Currently, the top music streaming platforms in the US are, in order:

– Apple Music

–  Spotify

– Amazon Music

– SoundCloud

Unfortunately for advertisers, Apple Music is 100% ad-free. However, while Spotify, Amazon Music, and SoundCloud all offer premium, ad-free subscriptions, the free versions of their product do allow for ads. Additionally, YouTube Music is an emerging music streaming platform that aims to compete with Apple Music and Spotify. At the end of this year, Google, YouTube’s parent company, will be shutting down Google Play Music and merging it with YouTube Music, meaning that YouTube music stands to gain an influx of users. Like every major music streaming service other than Apple Music, YouTube Music also offers a premium, ad-free subscription alongside a free version that does contain advertisements. However, it is important to note that the free versions of YouTube Music and Amazon Music are only available for the Google Home speaker and Amazon Echo smartspeaker, respectively.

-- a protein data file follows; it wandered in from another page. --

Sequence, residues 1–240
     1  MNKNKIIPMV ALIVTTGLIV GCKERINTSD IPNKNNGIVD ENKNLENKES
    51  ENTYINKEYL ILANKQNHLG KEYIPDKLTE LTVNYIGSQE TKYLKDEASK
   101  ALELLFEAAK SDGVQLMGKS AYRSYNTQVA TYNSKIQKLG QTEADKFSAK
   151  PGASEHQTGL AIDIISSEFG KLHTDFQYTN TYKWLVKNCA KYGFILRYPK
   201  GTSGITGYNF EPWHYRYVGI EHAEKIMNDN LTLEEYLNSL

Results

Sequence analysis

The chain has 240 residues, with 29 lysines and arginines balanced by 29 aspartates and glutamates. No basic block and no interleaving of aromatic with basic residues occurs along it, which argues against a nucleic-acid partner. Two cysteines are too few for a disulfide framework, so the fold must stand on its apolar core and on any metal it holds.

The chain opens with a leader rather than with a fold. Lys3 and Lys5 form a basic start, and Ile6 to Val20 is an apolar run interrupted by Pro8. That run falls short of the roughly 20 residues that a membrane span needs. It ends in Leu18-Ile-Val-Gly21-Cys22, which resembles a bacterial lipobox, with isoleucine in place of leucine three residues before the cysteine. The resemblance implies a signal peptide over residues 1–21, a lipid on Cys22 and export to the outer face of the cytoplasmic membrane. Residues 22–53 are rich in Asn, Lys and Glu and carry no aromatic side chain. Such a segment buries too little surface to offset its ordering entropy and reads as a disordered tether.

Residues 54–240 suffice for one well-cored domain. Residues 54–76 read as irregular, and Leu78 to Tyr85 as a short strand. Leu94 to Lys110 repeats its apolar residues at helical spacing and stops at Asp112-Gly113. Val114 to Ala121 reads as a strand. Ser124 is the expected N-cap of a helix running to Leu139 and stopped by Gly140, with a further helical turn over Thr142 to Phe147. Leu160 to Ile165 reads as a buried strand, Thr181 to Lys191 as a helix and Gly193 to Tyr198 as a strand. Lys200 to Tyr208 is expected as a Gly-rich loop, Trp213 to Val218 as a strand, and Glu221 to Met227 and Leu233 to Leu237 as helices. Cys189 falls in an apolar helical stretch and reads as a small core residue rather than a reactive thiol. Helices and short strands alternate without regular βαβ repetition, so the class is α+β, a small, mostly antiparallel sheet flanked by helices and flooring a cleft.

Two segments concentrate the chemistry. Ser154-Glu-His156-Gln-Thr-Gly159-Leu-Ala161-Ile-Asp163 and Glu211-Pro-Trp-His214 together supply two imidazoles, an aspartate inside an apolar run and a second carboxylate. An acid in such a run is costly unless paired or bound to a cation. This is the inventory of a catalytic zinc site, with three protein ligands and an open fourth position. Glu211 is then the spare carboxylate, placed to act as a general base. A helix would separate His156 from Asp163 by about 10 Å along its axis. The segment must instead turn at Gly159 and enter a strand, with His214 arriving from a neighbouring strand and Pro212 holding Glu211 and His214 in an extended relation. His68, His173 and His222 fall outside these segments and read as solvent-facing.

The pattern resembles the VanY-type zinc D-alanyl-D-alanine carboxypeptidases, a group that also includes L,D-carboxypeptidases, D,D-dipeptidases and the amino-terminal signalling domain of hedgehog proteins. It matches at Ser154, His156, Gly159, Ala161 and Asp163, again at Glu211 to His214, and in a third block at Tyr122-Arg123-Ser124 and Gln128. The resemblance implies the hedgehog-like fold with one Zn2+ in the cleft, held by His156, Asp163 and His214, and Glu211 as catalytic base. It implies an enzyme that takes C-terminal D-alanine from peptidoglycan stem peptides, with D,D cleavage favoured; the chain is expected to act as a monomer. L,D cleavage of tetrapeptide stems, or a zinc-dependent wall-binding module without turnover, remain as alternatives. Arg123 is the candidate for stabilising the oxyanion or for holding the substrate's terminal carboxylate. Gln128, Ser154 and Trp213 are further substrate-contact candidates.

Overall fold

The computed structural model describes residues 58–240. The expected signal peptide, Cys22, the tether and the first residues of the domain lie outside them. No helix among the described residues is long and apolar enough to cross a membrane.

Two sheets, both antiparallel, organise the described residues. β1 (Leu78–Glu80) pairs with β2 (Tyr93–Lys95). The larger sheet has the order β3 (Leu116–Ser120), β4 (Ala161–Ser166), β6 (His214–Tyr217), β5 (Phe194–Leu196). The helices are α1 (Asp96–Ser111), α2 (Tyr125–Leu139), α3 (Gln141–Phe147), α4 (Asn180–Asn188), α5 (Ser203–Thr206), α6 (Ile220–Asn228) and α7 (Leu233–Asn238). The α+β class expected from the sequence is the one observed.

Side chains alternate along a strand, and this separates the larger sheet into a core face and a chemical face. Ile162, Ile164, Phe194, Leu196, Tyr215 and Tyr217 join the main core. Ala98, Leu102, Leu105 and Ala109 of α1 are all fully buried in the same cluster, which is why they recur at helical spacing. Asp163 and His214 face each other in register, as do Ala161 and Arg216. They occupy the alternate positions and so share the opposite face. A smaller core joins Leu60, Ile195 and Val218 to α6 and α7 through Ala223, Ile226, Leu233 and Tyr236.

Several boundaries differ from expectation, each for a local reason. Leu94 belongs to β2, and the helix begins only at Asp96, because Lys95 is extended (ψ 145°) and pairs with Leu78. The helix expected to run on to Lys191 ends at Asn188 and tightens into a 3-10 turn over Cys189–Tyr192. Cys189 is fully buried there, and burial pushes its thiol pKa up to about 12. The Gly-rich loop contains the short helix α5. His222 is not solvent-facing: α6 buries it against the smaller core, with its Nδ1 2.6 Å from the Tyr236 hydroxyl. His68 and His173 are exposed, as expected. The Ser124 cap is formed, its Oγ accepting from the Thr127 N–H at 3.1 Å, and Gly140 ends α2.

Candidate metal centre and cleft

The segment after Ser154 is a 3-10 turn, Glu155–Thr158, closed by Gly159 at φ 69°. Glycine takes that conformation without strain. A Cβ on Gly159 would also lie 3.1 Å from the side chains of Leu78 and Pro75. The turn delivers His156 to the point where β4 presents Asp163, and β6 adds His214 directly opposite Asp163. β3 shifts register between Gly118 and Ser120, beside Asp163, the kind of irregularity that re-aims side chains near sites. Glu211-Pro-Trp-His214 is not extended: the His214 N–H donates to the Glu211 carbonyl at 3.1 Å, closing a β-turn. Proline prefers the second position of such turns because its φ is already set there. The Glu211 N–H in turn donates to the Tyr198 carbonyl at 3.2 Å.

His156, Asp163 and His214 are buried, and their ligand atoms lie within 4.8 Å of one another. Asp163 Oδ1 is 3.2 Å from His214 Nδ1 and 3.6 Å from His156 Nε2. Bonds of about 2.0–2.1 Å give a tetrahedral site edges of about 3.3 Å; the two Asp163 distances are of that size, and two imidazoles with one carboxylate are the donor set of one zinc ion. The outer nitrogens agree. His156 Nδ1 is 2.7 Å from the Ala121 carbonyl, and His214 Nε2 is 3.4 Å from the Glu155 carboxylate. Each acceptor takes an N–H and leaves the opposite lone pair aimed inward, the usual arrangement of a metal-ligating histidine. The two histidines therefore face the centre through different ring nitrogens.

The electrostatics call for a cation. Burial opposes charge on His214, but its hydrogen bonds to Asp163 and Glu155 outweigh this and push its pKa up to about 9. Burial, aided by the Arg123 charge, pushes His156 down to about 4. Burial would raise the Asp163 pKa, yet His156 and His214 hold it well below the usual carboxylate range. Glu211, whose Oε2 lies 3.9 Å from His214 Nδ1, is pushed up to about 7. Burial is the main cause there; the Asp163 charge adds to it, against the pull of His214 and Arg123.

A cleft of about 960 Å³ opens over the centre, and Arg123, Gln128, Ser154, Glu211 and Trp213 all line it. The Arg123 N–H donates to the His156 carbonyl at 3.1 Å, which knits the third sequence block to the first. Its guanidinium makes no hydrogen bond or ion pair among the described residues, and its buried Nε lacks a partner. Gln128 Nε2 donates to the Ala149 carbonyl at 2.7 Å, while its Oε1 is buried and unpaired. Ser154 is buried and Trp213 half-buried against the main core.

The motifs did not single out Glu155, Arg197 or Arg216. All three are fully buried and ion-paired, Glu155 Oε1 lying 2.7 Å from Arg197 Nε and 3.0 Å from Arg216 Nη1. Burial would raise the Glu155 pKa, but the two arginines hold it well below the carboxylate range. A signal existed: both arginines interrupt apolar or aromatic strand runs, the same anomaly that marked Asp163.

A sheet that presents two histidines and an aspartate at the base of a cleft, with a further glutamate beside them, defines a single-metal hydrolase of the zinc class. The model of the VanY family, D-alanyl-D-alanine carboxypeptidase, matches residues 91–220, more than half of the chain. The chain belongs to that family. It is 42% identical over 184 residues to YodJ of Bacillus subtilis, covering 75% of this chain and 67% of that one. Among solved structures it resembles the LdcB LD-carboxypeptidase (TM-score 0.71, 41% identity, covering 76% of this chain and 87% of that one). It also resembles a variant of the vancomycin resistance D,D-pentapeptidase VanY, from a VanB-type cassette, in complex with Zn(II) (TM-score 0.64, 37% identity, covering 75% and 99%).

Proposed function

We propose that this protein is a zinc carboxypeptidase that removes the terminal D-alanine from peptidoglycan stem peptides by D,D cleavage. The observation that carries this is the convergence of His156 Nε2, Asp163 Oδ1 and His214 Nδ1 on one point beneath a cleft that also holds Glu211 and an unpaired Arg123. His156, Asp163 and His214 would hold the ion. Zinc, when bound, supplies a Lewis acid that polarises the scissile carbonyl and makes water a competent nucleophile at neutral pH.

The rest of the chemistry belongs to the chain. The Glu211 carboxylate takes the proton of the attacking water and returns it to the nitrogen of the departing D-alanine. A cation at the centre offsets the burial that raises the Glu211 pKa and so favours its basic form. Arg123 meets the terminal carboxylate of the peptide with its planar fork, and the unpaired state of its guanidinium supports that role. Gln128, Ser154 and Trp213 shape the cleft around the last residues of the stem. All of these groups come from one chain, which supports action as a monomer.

Radio streaming is another booming industry with tens of millions of active users. Here, the major providers (in order) offering slightly different services are:

  • iHeartRadio
  • Pandora

Pandora creates curated “stations” for users based on their listening preferences and is more akin to other music streaming platforms in that it offers a free version with ads and a premium version without ads. In contrast, iHeartRadio is completely free and offers users custom stations similar to that of Pandora in addition to access to over a thousand real radio stations worldwide. Importantly, all of the real radio station access comes with advertisements.

Finally, podcasts are another fast-growing sector of audio streaming. The big 3 providers are:

  • Apple Podcasts
  • Spotify
  • Google Podcasts